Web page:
|Student Army Training Corps, 1918. (Augustana Special Collections)|
1918 at Augustana: Soldiers and flu come and go
|Letter from Walter Grantz to President Gustav Andreen, Aug. 5, 1918. Walter’s penmanship is clean and neat, as you would expect when someone is putting his best foot forward in applying to college. It is interesting to note that the first step in an application was to contact the president of the college directly — there was no admissions office in 1918. (See larger image)|
When a young man named Walter Grantz sent his letter of inquiry to President Gustav Andreen in August of 1918, he was looking to attend Augustana that very same fall -- registration took place Sept. 2 and 3 that year. Walter did enter Augustana as one of a record incoming 133 freshman students in the fall of 1918. Never before had the college enrolled so many students; the previous record had been set in the fall of 1913 with 75.
This spike in enrollment may have been caused by interest in the Students' Army Training Corps, which enrolled 140,000 men at 524 colleges across the country in the fall of 1918. Augustana's unit inducted 120 men when it was created in September 1918. The SATC prepared men for active duty (World War I was underway) and the government paid for room and board, tuition, and clothing for members of the SATC .
Four hundred and thirty four Augustana students and recent graduates served in the U.S. armed forces from 1917 to 1919, and an additional 19 served as chaplains and YMCA and Lutheran Brotherhood workers. Nine of these students and graduates lost their lives in service to their country.
Walter Grantz's college career was short-lived and his interest in military service unfulfilled when he died Oct. 7, 1918, the only Augustana student to die in the influenza pandemic of 1918. Walter sickened while home in Michigan for the funeral of his brotherand died before returning to campus. Two siblings died shortly thereafter, leaving Walter's widowed father childless.
An estimated 50 million people -- about 3% of the world's population at the time -- died from the 1918 influenza and about 500 million worldwide were infected. This particular flu sickened young and otherwise healthy adults who often died within a few days.
|Letter from President Andreen to Walter Grantz. President Andreen acknowledges Walter’s Oct. 1, 1918, letter and sends a personal response. (See larger image)|
October 1918 was the deadliest month in the United States. There were 195,000 flu-related deaths nationwide in that one month alone. The Rock Island County Health Department instituted a ban on public gatherings that closed schools, theaters, churches, and libraries in hopes of reducing the spread of the flu. Augustana was closed for four weeks due to this ban. By the end of October, one-fourth of the U.S. population had become ill.
An Oct. 10, 1918, letter from the Illinois Department of Public Health implored President Andreen in his role as a pastor to take precautions:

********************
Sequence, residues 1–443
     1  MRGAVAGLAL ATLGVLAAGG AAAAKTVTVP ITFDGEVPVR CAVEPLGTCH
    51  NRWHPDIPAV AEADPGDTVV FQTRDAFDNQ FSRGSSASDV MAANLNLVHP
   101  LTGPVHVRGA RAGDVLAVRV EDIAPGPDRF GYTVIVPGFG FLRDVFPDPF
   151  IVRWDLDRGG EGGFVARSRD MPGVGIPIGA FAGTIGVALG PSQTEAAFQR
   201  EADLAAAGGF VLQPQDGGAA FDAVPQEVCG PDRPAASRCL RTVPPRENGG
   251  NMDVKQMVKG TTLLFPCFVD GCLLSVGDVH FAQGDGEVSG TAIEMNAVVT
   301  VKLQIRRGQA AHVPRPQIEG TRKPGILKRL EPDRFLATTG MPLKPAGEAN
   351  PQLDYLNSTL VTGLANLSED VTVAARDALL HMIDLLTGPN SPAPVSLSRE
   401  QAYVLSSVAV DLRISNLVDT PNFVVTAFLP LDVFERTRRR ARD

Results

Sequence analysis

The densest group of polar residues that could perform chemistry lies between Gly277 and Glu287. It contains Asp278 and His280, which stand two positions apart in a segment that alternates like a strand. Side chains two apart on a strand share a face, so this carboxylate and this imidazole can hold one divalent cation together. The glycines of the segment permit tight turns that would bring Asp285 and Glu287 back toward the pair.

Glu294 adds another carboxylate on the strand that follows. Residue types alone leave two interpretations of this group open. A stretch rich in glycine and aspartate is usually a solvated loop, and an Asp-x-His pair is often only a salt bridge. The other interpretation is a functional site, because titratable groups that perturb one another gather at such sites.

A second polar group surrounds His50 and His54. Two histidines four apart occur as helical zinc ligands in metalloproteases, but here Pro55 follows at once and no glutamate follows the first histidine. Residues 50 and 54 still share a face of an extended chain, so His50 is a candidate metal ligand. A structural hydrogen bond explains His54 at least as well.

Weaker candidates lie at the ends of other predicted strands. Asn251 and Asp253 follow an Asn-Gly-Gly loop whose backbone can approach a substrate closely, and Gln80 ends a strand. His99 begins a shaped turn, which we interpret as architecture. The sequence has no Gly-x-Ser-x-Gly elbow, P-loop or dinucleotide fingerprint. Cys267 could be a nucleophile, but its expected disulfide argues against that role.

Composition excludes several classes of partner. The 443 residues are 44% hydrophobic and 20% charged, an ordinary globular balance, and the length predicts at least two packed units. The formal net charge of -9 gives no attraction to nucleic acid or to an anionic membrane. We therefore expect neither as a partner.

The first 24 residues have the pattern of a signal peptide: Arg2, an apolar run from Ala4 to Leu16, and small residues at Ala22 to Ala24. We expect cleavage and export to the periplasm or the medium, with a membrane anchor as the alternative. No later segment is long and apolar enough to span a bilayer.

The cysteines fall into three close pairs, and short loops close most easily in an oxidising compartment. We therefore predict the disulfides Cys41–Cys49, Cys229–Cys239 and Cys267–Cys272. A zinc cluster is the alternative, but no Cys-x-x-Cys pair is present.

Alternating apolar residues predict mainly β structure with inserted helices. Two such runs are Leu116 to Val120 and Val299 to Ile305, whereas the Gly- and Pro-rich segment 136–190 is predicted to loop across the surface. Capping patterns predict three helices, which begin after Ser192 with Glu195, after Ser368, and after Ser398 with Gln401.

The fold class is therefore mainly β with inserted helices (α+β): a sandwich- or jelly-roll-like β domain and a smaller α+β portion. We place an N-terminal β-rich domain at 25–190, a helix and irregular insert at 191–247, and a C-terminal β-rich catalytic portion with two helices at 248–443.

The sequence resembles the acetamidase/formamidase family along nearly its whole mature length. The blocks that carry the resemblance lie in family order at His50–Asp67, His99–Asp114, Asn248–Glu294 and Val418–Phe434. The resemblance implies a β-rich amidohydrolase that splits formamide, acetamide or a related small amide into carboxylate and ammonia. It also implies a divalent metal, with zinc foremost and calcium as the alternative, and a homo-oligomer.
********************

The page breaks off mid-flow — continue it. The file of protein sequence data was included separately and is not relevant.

"Urge the members of your congregation to avoid the careless sneezer, spitter and cougher. Such persons are largely responsible for the present alarming spread of this disease... All rooms should be exceptionally well-ventilated and at the same time comfortably heated."
Such exhortations and the ban on public gatherings were not sufficient to shield Dr. Andrew Kempe, professor in the commercial department and treasurer of the college, who died Oct. 16, 1918. In a resolution from the general faculty, Kempe was referred to as a "beloved colleague" whose "genial, kindly, manly presence" would be missed. Professor Edward Fry Bartholomew noted in his Oct. 19 journal entry that Kempe's funeral was held outside, on the front steps of Denkmann Memorial Library, "on account of the Influenza Epidemic it was not allowed to hold services in any building."
Despite these deaths on campus, or perhaps because of the lingering threat of illness, the flu became a favorite topic for jokes and ditties in the Observer, including:
"We wonder if it is possible that the present epidemic of influenza, which is sweeping the country, is traceable to the recent drafts."
" I had a little bird/Its name was Enza/I opened the window/and in-flu-enza."
The Observer noted Dec. 1, 1918, that the "‘Spanish Influenza'" has thus far knocked but lightly at our door," and, while true, this note was printed just a few days before Algert Anker, head of the violin department and third and final Augustana flu victim, died.
Despite a memorial to Professor Anker in the January Observer, the newspaper that month was upbeat and optimistic, with calls to "renew the old college spirit" and reschedule many of the social and musical events that had been suspended or postponed in the fall due to the war and the flu. The Students Army Training Corps had been disbanded in December (the war had ended in November) and while several veterans enrolled or returned to Augustana, very few of the SATC members continued at the college. Soldiers and the flu had both come and gone in the space of one semester.
The H1N1 virus was in the news as the special collections librarians were planning articles for this 150th website. In the fall of 2009 campuses around the country were isolating sick students, canceling classes and wondering how to plan for and react to a possible pandemic. I thought that researching how Augustana had weathered the 1918 pandemic might be an interesting comparison but found relatively little contemporary information about the 1918 flu. I expected to find that several students had died from the flu, but instead there was a very rich story about the one student, Walter Grantz, a farm kid from Michigan, who left a paper trail in the presidential papers held in the archives.